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Western riding

Western riding evolved from the cattle-working and warfare traditions brought to the Americas by the Spanish Conquistadors, and both equipment and riding style evolved to meet the working needs of the cowboy on ranches in the American West. Though the differences between English and Western riding appear dramatic, there are many similarities. Both styles require riders to have a solid seat, with the hips and shoulders balanced over the feet, with hands independent of the seat so as to avoid disturbing the balance of the horse and interfering with its performance.

The most noticeable feature of western style riding is in the saddle, which has a substantial tree that provides greater support to horse and rider when working long hours in the saddle. The western saddle features a prominent pommel topped by a horn (a knob used for dallying a lariat after roping an animal), a deep seat and a high cantle. The stirrups are wider and the saddle has rings and ties that allow objects to be attached to the saddle.

Western horses are asked to perform with a loose rein, controlled by one hand. The standard western bridle lacks a noseband and usually consists of a single set of reins attached to a curb bit that has somewhat longer and looser shanks than the curb of an English Weymouth bridle or a pelham bit. Two styles of Western reins developed: The long split reins of the Texas tradition, which are completely separated, or the closed-end “Romal” reins of the California tradition, which have a long single attachment on the ends that can be used as a quirt. Modern rodeo competitors in timed events sometimes use a closed rein without a romal.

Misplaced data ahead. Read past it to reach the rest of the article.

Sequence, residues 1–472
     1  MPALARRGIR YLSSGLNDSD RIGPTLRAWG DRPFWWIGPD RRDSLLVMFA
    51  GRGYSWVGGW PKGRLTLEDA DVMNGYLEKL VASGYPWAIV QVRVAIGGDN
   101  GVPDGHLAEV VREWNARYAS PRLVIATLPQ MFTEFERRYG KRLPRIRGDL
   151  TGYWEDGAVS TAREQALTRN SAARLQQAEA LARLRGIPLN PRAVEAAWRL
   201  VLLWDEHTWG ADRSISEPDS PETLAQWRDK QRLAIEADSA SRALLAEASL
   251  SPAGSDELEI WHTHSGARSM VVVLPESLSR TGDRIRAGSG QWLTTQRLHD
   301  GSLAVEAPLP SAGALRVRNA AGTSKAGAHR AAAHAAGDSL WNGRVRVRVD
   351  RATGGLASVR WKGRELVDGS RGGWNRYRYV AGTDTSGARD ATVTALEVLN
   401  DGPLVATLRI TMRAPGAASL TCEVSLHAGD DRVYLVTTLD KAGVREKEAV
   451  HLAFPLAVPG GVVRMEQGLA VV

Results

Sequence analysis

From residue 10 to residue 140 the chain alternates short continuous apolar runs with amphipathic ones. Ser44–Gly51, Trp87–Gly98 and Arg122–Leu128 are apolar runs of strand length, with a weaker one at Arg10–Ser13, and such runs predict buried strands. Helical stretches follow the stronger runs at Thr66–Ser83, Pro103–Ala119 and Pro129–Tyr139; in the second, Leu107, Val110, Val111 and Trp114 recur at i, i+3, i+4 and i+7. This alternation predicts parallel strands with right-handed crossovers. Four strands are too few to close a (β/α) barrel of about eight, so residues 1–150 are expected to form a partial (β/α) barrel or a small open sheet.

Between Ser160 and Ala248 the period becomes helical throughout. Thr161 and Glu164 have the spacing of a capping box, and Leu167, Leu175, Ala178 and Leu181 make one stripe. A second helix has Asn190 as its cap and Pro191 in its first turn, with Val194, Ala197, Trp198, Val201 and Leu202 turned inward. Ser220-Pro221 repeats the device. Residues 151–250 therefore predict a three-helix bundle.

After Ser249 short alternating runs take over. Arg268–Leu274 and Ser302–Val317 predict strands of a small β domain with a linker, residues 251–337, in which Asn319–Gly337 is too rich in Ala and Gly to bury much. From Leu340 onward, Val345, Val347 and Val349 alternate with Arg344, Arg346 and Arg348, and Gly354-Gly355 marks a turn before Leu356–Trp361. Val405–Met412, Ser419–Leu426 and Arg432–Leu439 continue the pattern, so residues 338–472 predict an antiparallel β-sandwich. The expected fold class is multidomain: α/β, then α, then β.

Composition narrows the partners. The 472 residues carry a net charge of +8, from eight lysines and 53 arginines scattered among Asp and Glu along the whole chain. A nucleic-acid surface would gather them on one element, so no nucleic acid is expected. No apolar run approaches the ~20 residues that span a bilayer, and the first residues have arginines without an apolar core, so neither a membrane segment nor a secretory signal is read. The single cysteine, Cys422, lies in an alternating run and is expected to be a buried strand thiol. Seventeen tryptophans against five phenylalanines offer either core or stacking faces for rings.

Western riders wear a long-sleeved shirt, denim jeans, boots, and a wide-brimmed cowboy hat. Cowboy boots, which have pointed toes and higher heels than a traditional riding boot, are designed to prevent the rider’s foot from slipping through the stirrup during a fall, preventing the rider from being dragged—most western saddles have no safety bars for the leathers or automatic stirrup release mechanism. A rider may wear protective leather leggings called chaps. Clean, well-fitting work clothing is the usual outfit seen in rodeo, cutting and reining competitions, especially for men, though sometimes both men and women wear brighter colors or finer fabrics for competition than for work.

Show events such as Western pleasure use much flashier equipment, unlike the English traditions where clothing and tack is quiet and unobtrusive. Saddles, bits and bridles are ornamented with substantial amounts of silver. The rider may add a jacket or vest, and women’s clothing in particular features vivid colors and even rhinestones or sequins.

Western horses are asked to have a brisk, ground-covering walk, but a slow, relaxed jog trot that allows the rider to sit the saddle and not post. The Western version of the canter is called a lope and while collected and balanced, is expected to be slow and relaxed. Working western horses seldom use a sustained hand gallop, but must be able to accelerate quickly to high speed when chasing cattle or competing in rodeo speed events, must be able to stop quickly from a dead run and “turn on a dime.”

Original article: https://en.wikipedia.org/wiki/Equestrianism#Horse_shows